Notes to Self in Re Future Open House Events at School

  1. Read all email regarding the event before hand.  Know when the open house begins and when you are allowed to go home.
  2. Do not start lesson planning in the hour before the event, get distracted by the free pizza spread, and spend the next 50 minutes with your teammates descending into a discussion about specific discipline issues.
  3. Talk to colleagues and ascertain who is making the presentation.   Do this before it is too late and it has to be you or else.
  4. If the person who is making the presentation turns out to be you, think of some way colleagues can help besides making the thumbs-up sign, although that is definitely appreciated.
  5. Make sure that the projector works.
  6. Remember to take chairs off desks so parents will have somewhere to sit.  Next time do this with more than a half minute to spare, as you can hear the parents walking down the hall.
  7. Make sure all the parents sign in.  At the very least, make sure most of them sign in.
  8. If anyone you know comes and does not sign in sign in for them.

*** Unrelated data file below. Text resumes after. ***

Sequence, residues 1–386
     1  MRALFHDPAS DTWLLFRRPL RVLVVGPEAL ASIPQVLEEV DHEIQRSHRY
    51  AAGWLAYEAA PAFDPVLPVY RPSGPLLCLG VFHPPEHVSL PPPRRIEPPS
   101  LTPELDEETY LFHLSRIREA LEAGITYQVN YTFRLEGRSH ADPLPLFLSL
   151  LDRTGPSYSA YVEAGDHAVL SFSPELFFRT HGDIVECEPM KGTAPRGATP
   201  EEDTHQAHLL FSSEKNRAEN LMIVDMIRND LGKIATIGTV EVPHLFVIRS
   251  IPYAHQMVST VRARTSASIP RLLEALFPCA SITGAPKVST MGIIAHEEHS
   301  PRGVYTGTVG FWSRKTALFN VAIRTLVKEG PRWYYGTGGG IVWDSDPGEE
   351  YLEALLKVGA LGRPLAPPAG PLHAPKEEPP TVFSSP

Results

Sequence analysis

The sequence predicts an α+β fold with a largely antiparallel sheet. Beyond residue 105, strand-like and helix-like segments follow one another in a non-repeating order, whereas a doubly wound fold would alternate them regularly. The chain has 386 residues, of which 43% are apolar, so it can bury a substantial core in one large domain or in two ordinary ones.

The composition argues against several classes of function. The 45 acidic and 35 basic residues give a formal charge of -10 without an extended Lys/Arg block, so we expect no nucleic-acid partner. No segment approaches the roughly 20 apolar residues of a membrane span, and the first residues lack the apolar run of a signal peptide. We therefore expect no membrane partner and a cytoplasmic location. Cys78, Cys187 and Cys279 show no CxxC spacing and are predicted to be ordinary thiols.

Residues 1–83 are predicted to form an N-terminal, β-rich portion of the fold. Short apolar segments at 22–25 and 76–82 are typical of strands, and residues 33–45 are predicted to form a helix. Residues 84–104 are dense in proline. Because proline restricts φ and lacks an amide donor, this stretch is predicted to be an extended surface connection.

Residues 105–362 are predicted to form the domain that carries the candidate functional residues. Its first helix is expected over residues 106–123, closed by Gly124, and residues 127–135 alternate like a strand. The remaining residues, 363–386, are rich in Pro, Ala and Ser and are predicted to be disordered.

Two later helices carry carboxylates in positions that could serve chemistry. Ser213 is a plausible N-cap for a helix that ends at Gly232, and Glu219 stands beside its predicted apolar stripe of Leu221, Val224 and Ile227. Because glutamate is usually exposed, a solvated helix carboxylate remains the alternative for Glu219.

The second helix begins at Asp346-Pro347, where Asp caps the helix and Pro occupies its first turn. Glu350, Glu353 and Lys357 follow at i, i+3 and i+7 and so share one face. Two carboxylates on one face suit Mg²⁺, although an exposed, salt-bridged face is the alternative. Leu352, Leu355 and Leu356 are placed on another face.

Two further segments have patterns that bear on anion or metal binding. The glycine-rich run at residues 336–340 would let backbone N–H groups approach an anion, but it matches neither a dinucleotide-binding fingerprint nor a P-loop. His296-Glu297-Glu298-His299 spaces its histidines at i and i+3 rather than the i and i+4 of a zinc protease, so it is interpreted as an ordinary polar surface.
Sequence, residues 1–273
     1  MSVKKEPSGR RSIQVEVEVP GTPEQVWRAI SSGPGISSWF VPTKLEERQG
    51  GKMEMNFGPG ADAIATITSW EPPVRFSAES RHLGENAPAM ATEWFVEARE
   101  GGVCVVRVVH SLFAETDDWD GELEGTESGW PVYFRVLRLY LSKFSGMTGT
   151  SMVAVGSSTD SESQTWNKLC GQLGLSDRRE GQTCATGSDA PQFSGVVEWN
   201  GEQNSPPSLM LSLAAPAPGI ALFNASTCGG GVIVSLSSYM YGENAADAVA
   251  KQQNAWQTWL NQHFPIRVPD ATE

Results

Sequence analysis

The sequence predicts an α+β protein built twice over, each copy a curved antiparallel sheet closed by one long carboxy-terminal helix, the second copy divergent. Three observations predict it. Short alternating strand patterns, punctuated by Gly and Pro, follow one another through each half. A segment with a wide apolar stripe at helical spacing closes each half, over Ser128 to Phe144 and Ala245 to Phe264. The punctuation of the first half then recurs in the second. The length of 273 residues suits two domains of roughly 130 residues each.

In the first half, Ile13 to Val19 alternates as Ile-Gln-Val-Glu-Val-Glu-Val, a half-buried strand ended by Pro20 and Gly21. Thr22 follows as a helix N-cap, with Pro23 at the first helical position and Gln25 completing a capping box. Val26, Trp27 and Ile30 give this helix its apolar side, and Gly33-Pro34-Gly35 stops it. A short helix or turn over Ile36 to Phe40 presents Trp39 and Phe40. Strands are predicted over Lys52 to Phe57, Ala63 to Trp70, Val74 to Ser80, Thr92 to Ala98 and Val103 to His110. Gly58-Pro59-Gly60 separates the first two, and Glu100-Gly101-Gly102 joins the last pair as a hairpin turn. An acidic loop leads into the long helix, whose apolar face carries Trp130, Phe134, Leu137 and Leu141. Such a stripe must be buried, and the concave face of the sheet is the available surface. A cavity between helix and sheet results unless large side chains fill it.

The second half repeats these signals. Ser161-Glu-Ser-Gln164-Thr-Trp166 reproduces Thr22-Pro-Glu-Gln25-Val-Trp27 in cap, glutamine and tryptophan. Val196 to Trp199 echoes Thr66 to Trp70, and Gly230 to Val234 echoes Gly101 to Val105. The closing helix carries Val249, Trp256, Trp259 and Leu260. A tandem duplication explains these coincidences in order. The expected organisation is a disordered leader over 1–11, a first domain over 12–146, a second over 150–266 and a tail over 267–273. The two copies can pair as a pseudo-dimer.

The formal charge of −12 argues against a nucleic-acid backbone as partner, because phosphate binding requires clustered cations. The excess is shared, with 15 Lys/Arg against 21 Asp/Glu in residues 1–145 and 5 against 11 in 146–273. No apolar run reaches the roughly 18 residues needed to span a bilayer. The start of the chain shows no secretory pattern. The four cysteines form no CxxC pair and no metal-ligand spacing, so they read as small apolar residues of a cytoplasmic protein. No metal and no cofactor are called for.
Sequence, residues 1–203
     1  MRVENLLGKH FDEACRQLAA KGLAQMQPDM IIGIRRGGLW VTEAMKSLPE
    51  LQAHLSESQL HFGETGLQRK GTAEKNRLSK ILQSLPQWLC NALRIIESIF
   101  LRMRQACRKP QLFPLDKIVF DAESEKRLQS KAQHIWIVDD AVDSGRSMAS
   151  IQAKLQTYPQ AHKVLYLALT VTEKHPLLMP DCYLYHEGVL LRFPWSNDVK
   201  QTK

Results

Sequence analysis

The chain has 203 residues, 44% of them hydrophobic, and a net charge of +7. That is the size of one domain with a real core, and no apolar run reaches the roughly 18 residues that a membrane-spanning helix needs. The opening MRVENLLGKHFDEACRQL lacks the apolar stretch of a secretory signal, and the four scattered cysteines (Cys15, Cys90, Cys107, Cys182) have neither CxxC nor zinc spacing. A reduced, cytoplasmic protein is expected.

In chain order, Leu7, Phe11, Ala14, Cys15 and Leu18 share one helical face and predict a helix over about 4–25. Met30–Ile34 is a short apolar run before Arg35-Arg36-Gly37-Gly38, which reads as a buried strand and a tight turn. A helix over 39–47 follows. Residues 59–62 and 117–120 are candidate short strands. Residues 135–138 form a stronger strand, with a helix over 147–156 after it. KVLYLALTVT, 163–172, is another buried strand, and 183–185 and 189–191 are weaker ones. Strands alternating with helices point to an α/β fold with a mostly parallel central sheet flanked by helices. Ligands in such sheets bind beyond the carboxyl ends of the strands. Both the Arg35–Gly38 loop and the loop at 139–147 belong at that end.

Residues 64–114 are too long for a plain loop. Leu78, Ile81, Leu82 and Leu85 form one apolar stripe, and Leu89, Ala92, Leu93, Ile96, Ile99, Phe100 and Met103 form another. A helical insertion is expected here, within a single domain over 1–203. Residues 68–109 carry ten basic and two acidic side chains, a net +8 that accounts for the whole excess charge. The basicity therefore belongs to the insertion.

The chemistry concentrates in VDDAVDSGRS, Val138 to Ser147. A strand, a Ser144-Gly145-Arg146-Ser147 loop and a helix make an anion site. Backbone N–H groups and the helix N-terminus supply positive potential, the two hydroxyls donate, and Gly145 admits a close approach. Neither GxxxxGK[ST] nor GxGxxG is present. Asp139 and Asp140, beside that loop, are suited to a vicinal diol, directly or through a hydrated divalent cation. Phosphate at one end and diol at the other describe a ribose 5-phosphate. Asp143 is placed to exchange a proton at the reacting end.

9. Be prepared for parents who want to see the gradebook.  Do not project the gradebook on the movie screen if other parents are in the room.

Okay, so after the open house I felt like a teacher version of Bridgit Jones.  It didn’t work perfectly but what did I expect?   Like the indefatigable Bridget, I was guilty of

  1. Trying to do too much.  I won’t list it all here, but believe me, I have about 3 times too many responsibilities.
  2. Hopelessly unrealistic bouts of optimism about what could be accomplished in ten minutes before an event.
  3. A nearly catastrophic devotion to something I call “Just in Time” time management, which means, never doing anything until the last minute, in the hope that some responsibilities or tasks will be superseded by others or cancelled.  Usually works like a charm, but this time, none of the cancellations came through.

That said, in the end, the truth is everything worked out.  The parents were happy, my teammates enjoyed some extra planning time while I handled the presentation, I got the projector back on line after only one or two minutes, I caught myself before I projected the grades on the screen, and the chairs, most of them anyway, were down when people arrived.

Next year, I’ll read my notes to self list, and do just as well, with less stress.

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